Thursday, 29 August 2013

Intervening in Syria

Catholics believe in the possibility of a just war, so the suggestion of military intervention in Syria is not something that can be rejected out of hand.

Turning to the Compendium of the Social Doctrine of the Church, you could start with the broad principles of the Just War (s. 500)

To be licit, the use of force must correspond to certain strict conditions: “the damage inflicted by the aggressor on the nation or community of nations must be lasting, grave and certain; all other means of putting an end to it must have been shown to be impractical or ineffective; there must be serious prospects of success; the use of arms must not produce evils and disorders graver than the evil to be eliminated. 

And you could follow that up with the duty to protect the innocent (s.506):

The international community as a whole has the moral obligation to intervene on behalf of those groups whose very survival is threatened or whose basic human rights are seriously violated. As members of an international community, States cannot remain indifferent; on the contrary, if all other available means should prove ineffective, it is “legitimate and even obligatory to take concrete measures to disarm the aggressor”.[1063] The principle of national sovereignty cannot be claimed as a motive for preventing an intervention in defence of innocent victims.[1064] The measures adopted must be carried out in full respect of international law and the fundamental principle of equality among States.

Without wishing to shortcircuit the detailed reflection on both the principles and the application of those principles in the present situation, I think it's fair that Catholic teaching rests heavily on three principles and an overriding aim: the principles are the question of effectiveness, the question of human dignity and the question of legitimate authority. The overriding aim is that of the establishment of the kingdom of peace and justice in the world.

On the principles, again, it's roughly the case that they represent a combination of deontological moral reasoning and consequentialist. There is no point doing something if it doesn't work. Clearly 'something must be done' in relation to the use of chemical weapons (if, as seems likely, it did occur). But it is quite possible that nothing, in the short term, can be done, or that punishment will only make matters worse. Good intentions here aren't enough. Moreover, even if military intervention 'works', it can't be at the expense of using people (in the Kantian phraseology) as 'means rather than ends': you can't go around slaughtering people just to make your point. Finally, although individual governments may have a legitimate right of intervention, there is a strong bias towards the authority of international rather than national action: some sort of international consensus would help here.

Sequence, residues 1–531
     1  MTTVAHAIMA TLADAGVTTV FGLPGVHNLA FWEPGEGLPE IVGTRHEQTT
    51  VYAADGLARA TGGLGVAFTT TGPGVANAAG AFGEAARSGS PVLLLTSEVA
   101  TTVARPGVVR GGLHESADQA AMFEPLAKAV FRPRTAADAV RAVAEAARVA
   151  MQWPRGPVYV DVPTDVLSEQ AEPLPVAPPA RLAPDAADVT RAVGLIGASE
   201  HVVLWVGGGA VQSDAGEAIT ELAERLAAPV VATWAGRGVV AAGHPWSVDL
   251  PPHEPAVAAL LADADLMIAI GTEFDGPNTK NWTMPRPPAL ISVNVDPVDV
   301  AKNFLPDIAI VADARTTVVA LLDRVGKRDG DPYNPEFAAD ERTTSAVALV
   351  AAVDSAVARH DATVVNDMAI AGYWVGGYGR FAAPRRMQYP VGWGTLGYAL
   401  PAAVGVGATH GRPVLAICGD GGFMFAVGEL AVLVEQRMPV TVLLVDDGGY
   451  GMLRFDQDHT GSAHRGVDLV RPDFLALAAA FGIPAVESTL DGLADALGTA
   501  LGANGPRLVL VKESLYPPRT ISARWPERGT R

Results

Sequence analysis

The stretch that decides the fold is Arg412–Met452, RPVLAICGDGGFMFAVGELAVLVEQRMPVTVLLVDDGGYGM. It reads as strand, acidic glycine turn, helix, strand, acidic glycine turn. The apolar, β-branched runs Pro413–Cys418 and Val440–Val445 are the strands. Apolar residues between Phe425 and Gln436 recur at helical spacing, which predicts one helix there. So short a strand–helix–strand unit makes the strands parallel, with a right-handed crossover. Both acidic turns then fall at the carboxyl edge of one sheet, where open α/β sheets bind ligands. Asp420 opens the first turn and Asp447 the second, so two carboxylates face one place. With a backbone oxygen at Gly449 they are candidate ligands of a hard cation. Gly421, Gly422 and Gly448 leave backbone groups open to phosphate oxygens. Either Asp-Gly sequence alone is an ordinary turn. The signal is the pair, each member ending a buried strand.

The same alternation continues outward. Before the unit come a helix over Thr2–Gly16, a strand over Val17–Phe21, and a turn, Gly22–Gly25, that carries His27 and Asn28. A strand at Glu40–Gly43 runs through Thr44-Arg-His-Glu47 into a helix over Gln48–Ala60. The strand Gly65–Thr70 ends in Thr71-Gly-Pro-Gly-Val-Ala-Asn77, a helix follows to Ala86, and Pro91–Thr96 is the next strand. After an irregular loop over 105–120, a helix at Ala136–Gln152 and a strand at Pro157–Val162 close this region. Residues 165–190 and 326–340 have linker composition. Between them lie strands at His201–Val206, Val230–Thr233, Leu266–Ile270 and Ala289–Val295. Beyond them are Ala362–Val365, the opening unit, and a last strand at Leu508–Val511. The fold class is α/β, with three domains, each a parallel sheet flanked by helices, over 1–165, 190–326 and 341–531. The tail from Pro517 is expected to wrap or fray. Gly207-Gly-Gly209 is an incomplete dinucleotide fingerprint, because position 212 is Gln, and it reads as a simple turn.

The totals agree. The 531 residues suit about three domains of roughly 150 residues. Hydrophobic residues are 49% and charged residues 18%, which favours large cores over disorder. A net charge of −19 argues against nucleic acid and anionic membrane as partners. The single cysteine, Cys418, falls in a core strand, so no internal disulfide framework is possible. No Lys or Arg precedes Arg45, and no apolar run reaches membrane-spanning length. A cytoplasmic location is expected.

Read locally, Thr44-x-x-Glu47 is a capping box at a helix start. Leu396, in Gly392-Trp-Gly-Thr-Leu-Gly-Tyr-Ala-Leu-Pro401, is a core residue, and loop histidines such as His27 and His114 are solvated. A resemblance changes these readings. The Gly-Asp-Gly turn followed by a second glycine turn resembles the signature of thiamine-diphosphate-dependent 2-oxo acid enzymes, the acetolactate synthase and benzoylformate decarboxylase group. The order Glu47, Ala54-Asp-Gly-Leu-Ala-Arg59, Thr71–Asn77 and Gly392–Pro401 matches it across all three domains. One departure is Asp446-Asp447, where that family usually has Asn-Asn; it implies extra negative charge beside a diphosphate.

On flipping through the Compendium just now, it's clear that, beyond all the details here, there is (rightly) an overarching need to avoid violence where possible and to resort to diplomatic and other non-violent means: whatever is done must be done with the aim of achieving a just and peaceful world order.

So what does that add up to? I don't know, and to be honest, perhaps one of the most important things now is for people (including politicians) to admit their lack of knowledge. There is a great temptation for a democratic leader to try to look as though he or she is in charge: firm, resolute, having no doubts of the direction in which we should travel. I'd recommend thinking about what it is to exercise the virtue of practical wisdom (prudentia) in this case and particularly its connection with the virtue of humility.  Our MPs and Prime Minister could do far worse than flipping through the relevant chapter of the Compendium and praying:

  Prayer for peace in Syria

God of Compassion,
Hear the cries of the people of Syria,
Bring healing to those suffering from the violence,
Bring comfort to those mourning the dead,
Strengthen Syria’s neighbours in their care and welcome for refugees,
Convert the hearts of those who have taken up arms,
And protect those committed to peace.

God of Hope,
Inspire leaders to choose peace over violence and to seek reconciliation with enemies,
Inspire the Church around the world with compassion for the people of Syria,
And give us hope for a future of peace built on justice for all.

We ask this through Jesus Christ,
Prince of Peace and Light of the World,

Petition: For the people of Syria, that God may strengthen the resolve of leaders to end the fighting and choose a future of peace.
We pray to the Lord…

(H/T: Linen on the Hedgerow)

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